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White Paper on HVAC in Commercial Cannabis Growhouses.

Last updated: 06-17-2020

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White Paper on HVAC in Commercial Cannabis Growhouses.

As the population increases, available farmable land decreases, and natural resources become more and more strained feeding people will become increasingly difficult. The CEA market is poised to solve these challenges by taking a technology-based approach to growing our food supply indoors.

There are many variables to consider when growing crops outdoors, including draught, flooding, pests, labor, sun, pathogens...the list goes on and on. Many of these variables can be controlled by moving the crops into a controlled environment, creating predictability and enhancing yields, but as with any decision this trade-off comes at a cost.

As more and more CEA facilities are constructed, the industry is on a collision course with regulatory agencies over environmental concerns. The emergence of the cannabis industry as a major CEA player has served to accelerate these agencies taking notice of energy usage.

The technological advances in LED lighting have brought the energy consumption of CEA facilities down drastically, but not enough to avoid being under a microscope. With the lighting already optimized, it is time to look at the next largest energy-hog in the building, the HVAC system.

System Sizing & Selection Designing a mechanical system for a CEA facility begins in the same place as commercial buildings: system sizing. The commercial building world has conditioned design teams to focus on the sensible load of the space as the basis to select the HVAC equipment. The result is that systems are sized around the calculated sensible heat ratio (SHR).

It is important to understand the SHR of the space in order to get the equipment sized correct. The typical sensible heat ratio of an office building falls around 0.85. That means for 20 tons of cooling, there are only 3 tons available for latent load. This load distribution is the basis for how standard, “off-the-shelf” HVAC equipment is designed.

As we all know, not all tons are created equal. Many of the early cannabis cultivation facilities applied these standard, commercial HVAC units as the primary means of cooling and dehumidification. Not surprisingly these facilities were plagued by increasing humidity and wild temperature swings. Why?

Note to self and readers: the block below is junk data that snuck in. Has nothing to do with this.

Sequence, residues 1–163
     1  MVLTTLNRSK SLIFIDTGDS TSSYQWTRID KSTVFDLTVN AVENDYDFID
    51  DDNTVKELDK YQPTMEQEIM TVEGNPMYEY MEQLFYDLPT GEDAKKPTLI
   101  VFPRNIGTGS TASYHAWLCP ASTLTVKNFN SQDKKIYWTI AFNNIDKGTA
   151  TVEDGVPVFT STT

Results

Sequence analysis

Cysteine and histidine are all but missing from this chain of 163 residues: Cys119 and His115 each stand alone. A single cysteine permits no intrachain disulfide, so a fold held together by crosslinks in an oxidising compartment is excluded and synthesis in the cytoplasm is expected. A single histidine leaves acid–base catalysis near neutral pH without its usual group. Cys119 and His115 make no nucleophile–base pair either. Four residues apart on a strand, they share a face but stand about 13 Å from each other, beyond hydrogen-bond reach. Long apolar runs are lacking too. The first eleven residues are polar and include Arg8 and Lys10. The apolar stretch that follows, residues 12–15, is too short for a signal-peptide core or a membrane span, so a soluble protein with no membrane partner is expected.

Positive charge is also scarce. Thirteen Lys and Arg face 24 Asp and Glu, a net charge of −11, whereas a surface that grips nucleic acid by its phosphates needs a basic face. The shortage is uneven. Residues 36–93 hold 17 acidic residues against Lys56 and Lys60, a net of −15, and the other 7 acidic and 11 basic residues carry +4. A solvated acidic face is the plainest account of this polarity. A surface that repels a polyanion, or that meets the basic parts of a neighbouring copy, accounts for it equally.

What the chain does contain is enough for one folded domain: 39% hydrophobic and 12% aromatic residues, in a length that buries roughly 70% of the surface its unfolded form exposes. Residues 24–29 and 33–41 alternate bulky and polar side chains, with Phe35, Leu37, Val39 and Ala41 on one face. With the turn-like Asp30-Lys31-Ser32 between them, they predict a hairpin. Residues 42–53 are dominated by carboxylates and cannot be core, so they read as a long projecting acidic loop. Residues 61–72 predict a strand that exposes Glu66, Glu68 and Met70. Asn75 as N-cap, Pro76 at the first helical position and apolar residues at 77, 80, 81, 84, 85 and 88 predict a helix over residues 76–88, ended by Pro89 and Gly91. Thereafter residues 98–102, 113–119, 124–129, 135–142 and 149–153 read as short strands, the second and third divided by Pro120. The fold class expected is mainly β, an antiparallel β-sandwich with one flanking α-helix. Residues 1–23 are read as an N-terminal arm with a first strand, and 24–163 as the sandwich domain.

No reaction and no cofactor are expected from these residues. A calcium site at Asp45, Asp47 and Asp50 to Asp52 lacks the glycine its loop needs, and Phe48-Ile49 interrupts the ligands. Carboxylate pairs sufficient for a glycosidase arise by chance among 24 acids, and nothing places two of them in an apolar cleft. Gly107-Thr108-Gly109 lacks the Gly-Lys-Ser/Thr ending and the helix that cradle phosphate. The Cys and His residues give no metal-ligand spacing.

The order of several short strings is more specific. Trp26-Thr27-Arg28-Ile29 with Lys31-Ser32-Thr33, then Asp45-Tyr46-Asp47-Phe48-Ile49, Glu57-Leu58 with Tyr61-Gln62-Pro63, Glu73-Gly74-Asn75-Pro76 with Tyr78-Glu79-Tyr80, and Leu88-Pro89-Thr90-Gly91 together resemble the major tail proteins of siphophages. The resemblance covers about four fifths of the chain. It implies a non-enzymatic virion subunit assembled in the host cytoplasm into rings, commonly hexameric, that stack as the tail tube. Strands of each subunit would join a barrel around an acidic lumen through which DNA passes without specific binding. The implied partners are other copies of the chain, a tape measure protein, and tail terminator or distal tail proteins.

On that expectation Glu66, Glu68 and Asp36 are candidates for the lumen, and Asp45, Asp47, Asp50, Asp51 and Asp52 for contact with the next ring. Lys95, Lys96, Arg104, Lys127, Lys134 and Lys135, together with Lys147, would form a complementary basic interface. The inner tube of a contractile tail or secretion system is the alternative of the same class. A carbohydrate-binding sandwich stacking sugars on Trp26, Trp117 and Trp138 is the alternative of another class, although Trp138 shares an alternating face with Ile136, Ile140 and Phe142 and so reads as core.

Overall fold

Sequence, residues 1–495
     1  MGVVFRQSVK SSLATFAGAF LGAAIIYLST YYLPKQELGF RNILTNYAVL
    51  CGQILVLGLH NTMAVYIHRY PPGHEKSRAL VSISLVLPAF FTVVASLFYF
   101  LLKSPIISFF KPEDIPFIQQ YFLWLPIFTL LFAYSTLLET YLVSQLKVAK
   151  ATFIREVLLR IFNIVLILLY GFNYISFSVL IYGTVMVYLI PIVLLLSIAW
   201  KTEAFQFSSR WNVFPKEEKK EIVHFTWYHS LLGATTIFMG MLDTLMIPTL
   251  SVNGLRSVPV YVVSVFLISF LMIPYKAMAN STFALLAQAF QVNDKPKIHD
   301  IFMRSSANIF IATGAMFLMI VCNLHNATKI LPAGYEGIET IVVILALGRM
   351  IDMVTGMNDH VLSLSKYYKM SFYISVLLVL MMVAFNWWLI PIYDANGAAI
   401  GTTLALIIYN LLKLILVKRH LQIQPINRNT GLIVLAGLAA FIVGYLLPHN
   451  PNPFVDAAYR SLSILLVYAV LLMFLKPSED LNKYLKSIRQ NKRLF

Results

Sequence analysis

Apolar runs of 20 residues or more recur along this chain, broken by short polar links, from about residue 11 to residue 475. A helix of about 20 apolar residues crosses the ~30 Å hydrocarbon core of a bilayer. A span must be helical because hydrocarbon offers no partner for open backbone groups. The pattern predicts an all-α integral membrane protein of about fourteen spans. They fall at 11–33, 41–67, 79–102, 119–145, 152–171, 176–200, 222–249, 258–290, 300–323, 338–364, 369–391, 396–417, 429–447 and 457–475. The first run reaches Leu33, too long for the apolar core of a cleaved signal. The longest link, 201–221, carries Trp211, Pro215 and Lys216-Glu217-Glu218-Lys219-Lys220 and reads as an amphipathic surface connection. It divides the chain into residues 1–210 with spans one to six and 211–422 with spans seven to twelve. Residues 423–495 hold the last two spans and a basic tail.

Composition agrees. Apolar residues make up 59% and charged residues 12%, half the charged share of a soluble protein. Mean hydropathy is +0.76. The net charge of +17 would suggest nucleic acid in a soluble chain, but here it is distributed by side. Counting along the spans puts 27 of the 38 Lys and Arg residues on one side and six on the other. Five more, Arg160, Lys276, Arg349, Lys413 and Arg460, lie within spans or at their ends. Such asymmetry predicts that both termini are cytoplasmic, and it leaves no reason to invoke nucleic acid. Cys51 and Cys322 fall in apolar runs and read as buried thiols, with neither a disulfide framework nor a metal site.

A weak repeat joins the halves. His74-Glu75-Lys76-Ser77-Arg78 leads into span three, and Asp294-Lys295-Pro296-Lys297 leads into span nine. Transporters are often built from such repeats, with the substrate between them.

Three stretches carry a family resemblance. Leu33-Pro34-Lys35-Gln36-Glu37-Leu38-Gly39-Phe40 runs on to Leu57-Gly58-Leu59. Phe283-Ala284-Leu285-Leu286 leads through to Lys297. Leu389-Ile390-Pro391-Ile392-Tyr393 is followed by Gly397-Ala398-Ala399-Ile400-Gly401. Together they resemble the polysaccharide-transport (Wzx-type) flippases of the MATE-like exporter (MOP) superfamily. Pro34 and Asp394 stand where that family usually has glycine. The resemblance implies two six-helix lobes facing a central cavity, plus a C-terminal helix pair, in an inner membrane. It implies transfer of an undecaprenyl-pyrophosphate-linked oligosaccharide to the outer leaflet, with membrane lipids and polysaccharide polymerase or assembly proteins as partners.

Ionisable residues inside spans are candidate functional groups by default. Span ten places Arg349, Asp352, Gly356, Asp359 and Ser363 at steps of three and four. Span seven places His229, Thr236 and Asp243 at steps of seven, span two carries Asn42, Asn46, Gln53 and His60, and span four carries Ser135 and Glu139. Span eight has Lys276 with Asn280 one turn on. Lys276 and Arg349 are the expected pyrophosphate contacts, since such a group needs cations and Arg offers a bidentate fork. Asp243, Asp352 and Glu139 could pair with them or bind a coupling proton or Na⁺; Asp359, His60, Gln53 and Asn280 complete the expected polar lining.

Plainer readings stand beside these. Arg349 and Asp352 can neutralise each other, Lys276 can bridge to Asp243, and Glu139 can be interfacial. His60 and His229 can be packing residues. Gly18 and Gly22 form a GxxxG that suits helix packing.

Cultivation facilities, due to irrigation and resulting transpiration, can have a sensible heat ratio around 0.50. That means the “off-the-shelf” 20-ton unit will be 7 tons SHORT on latent capacity. In order to properly take care of these facilities a more complex design must be used. Latent heat is the most difficult and energy intensive to remove. The most widely accepted way to remove that moisture is by brute force…cooling the air down below its dewpoint. This is a function of the temperature of the coil and coil depth. Physics places certain limits on the coil temperature, so coil depth (number of rows) needs to be increased in order to properly dehumidify the grow space. This leaves two real options regarding system selection. The first is a purpose-built, packaged, direct-expansion unit and the other is a chilled water system. Both systems have their pros and cons that facilities operators need to understand, but in the end, both will maintain the environment necessary for plants the thrive. System Optimization Once you have your system properly sized and selected, it is time to look at what further measures can be taken to reduce the energy consumption of the HVAC system. Items like high efficiency compressors and ECM fans are easy places to start but have a small impact on these systems that run 24/7. Much like in the commercial HVAC world, CEA facilities need to look towards economization to try and remove as much mechanical cooling and dehumidification as possible, thus saving energy. In commercial HVAC design, we are already familiar with this concept. Not only does bringing in outside air dilute the toxins and contaminants being produced in a commercial building, on suitable days the outside air can even be used to condition the space itself. However, with CEA facilities we have moved the crop inside to try to limit exposure to the pests and pathogens commonly found outside, and to keep CO2 levels high. Traditional outside air economization works against the fundamental goals of a CEA facility, putting the predictability of the product at risk. As a result, alternative economization methods need to be considered. To maintain the integrity of the environment, indirect economization is the best approach. For those not familiar, indirect economization utilizes a heat exchanger to do the economizing in the system. For a CEA facility, a recirculated air stream (in this case from the growing environment) flows across one side of the heat exchanger and the other side using the outside air as a heat sink running it, single pass, across the heat exchanger and exhausting it back into the atmosphere. Heat is transferred from the recirculated air stream into/thru the heat exchanger and then passed on to the outside air. This approach is common and well understood when transferring sensible heat, however the latent heat of cultivation spaces further complicates indirect economization, limiting available options. Most experts are familiar with heat pipes, run around coils, or fixed plate heat exchangers. Application of these products transfer sensible heat but allow the latent heat in the space to build. The answer for indirect economization of a CEA facility is a heat exchanger that can transfer both sensible and latent heat. There are two main types of energy recovery devices that accomplish this: total energy wheels and enthalpy cores. Both are commonly used in commercial buildings for recovering energy from relief air before being exhausted and transferring that energy to the outside air being brought into the space. When used as an indirect economizer, the energy recovery device sits between the return air and outside air streams. On one side of the device, return air is recirculated to the space and on the other outside air is pulled through and exhausted. Sensible heat is absorbed and released by the aluminum frame of the total energy wheel or enthalpy core. Latent heat is transferred at a molecular level, water vapor, and only happens on the surface of the wheel. The vapor pressure difference between the opposing air streams is what drives the water vapor transfer. This transfer of moisture is achieved without the energy intensive process of mechanically cooling the air down to dewpoint. This means dehumidification can be achieved indirectly with simple fans and either a total energy wheel or an enthalpy core. The effectiveness of the heat exchanger maximizes the number of hours throughout the year capable of indirect economization. Depending on your location, you can expect to turn your compressors OFF up to 40% of the year. Summary Controlled environment agriculture is a rapidly growing segment of the agriculture market and is here to stay. The ability to control all aspects of the growing environment translates into predictability of yield and, by extension, predicable profitability. But controlling these variables comes at a significant energy cost that is beginning to be noticed by regulators. LED lighting was the initial low-hanging fruit of energy optimization and has largely been played out. The next energy revolution in the CEA industry will focus on the HVAC systems. The industry needs to provide purpose-built equipment that can handle the unique environments presented in a CEA facility, but do so with energy efficiency in mind. The days of brute-force cooling to achieve proper dehumidification are no longer an option for these 24/7 facilities. Increasing the efficiency of the compressors and fans only works to a point. It will take creativity to drastically reduce the energy efficiency of these HVAC systems while not affecting the growing environment. Indirect economization uses the outside air to cool the space, without introducing contaminants into the space. This allows the compressors to stay off and can save up to 75% on the energy expended by the HVAC unit. These savings not only please regulators but will add to the bottom-line profitability of the companies implementing the technology.